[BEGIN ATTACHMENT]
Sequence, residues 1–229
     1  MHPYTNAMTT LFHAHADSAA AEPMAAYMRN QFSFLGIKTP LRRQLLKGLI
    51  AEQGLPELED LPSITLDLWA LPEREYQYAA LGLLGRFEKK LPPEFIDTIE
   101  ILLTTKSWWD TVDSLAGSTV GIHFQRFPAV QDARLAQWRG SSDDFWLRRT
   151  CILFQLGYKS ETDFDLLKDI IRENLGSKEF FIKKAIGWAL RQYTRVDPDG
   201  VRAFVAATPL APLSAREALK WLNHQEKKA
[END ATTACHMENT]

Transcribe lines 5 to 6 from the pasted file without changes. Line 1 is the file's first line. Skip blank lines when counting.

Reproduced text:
   151  CILFQLGYKS ETDFDLLKDI IRENLGSKEF FIKKAIGWAL RQYTRVDPDG
   201  VRAFVAATPL APLSAREALK WLNHQEKKA